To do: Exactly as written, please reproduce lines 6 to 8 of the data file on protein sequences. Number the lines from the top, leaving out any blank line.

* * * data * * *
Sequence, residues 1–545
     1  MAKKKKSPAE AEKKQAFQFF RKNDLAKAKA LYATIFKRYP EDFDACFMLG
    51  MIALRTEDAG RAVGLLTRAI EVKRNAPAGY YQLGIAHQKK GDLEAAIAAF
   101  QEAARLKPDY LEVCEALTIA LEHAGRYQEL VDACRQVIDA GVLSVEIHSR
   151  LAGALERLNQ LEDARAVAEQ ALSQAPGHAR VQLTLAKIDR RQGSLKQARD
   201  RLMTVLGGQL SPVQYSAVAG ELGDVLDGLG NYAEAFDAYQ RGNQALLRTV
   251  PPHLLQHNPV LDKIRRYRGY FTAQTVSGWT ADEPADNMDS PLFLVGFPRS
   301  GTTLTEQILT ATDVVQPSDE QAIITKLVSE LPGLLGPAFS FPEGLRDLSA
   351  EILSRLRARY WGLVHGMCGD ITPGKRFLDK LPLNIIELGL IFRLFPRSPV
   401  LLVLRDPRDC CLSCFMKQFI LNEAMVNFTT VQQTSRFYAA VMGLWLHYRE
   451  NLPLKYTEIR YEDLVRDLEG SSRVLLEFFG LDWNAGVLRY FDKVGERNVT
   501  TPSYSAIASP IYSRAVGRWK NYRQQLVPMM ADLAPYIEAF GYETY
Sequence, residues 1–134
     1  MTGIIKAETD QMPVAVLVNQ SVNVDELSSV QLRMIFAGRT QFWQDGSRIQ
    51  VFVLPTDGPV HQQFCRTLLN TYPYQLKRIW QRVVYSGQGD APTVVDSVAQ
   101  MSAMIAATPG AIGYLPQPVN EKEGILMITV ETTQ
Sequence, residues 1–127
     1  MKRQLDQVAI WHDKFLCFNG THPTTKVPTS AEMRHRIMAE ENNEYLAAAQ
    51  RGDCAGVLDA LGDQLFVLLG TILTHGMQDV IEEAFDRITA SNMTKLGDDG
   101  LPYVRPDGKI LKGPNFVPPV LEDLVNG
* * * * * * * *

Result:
   201  RLMTVLGGQL SPVQYSAVAG ELGDVLDGLG NYAEAFDAYQ RGNQALLRTV
   251  PPHLLQHNPV LDKIRRYRGY FTAQTVSGWT ADEPADNMDS PLFLVGFPRS
   301  GTTLTEQILT ATDVVQPSDE QAIITKLVSE LPGLLGPAFS FPEGLRDLSA